To the Editor:—

It was indeed reassuring to read the objective commentary of the application of epidural steroids by Abram, 1which provided a brief but explicit review of the subject. I would like to point out that symptoms of radiculopathy may be caused by tumors, infections, vascular malformations, neuropathy spinal stenosis, facet joint arthropathy, a bulging disc in a patient with short pedicles, and by other diagnoses in a nonoperated spine. Postlaminectomy radiculopathy may occur, for example, from periroot scarring, a loose fragment of the herniated disc, arachnoiditis, or osteophytes. Even if we know that there is a herniated nucleus pulopsus, unless we define that the herniation of the disc is central, paracentral, or lateral, or that it is 2, 3, or 4 mm and that it is effacing the dural sac or compressing the root, we do not know whether epidural steroids are indicated. We do not claim originality regarding this concern; in 1944, Rovenstine and Hershey 2stated that “Much discredit has come to nerve blocking from the too frequent practice of ‘trying a block’ without accurate diagnosis.”

The diagram shown in figure 1 of Abram’s article 1illustrates a lateral herniated nucleus pulposus compressing the root against the posterior wall of the laminae; this is one of the situations in which epidural steroids have less chance to succeed, and it is precisely a situation that will most likely necessitate surgery. Usually when there is a space-occupying lesion, the epidural space is reduced or absent, and therefore attempts to enter the space at the same level have greater chances for dural puncture.

Two preparations mentioned by Abram, 1Aristocort Forte (triamcinolone; ESI Lederle Generics, Philadelphia, PA) and Depo-Medrol (methylpredisolone; Pharmacia & Upjohn, Kalamazoo, MI), in multiple-dose vials (5 ml), contain benzylic alcohol, in addition to polyethyleme glycol, both of which have been shown to be neurotoxic and should therefore be avoided.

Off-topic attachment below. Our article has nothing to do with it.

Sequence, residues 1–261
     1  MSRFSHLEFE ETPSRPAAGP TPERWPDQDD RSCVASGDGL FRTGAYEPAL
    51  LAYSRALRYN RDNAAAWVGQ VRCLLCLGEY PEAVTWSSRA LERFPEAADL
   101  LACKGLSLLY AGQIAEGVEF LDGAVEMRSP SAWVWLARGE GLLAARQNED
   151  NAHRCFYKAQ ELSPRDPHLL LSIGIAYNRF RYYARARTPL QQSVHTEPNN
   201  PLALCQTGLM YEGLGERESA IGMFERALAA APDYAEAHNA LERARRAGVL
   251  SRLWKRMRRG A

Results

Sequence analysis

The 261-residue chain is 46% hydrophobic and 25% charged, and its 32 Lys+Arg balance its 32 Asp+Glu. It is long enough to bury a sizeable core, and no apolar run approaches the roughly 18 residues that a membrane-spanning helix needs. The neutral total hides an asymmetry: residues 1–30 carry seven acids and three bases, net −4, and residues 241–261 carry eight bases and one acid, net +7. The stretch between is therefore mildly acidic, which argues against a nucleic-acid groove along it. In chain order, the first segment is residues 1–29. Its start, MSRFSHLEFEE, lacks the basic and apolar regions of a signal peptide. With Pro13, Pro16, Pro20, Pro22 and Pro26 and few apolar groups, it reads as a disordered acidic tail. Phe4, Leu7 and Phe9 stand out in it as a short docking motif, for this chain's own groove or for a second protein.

Abram 3noted no untoward effects from subarachnoid injections of methylprednisolone in 37 patients with sciatica. Kikuchi et al.  4successfully treated patients with persistent pain from postherpetic neuralgia with use of subarachnoid injections of methylprednisolone. Our experience with intrathecal methylprednisolone administered after removal of the supernatant fluid and dilution of the remnants with iced saline has continued to provide satisfactory analgesia, without evidence of neurotoxicity (as indicated by neurologic examination and annual magnetic resonance imaging studies). 5,6Abram et al.  7administered four intrathecal steroid injections into rats at 3-week intervals without finding histologic abnormalities postmortem. We believe that limited observations should be continued to explore further the indications, safety, and effectiveness of intrathecal steroids, because extradural disease cannot be treated by intrathecal steroids, 3and intrathecal disease cannot be treated by peridural steroids.

Abram SE: Treatment of lumbosacral radiculopathy with epidural steroids. A nesthesiology 1999; 91:1937–41
Rovenstine EA, Hershey SG: Therapeutic and diagnostic nerve blocking: A plan for organization. A nesthesiology 1944; 5:574–6
Abram SE: Subarachnoid corticosteroid injection following inadequate response to epidural steroids for sciatica. Anesth Analg 1978; 57:313–6
Kikuchi A, Kotani N, Sato T, Takamura K, Sakai I, Matsuki A: Long-term analgesia by intrathecal prednisolone acetate in intractable postherpetic neuralgia. Reg Anesth Pain Med 1999; 24:287–93
Aldrete JA, Sued JA, Aldrete VT: Applications of iced saline in pain management. Pain Digest 1998; 8:173–6
Aldrete JA: Intrathecal injections of methylprednisolone “sans preservative.” Reg Anesth Pain Med 1999; 24:67
Abram SE, Marsala M, Yaksh TL: Analgesic and neurotoxic effects of intrathecal corticosteroids in rats. A nesthesiology 1994; 81:1198–205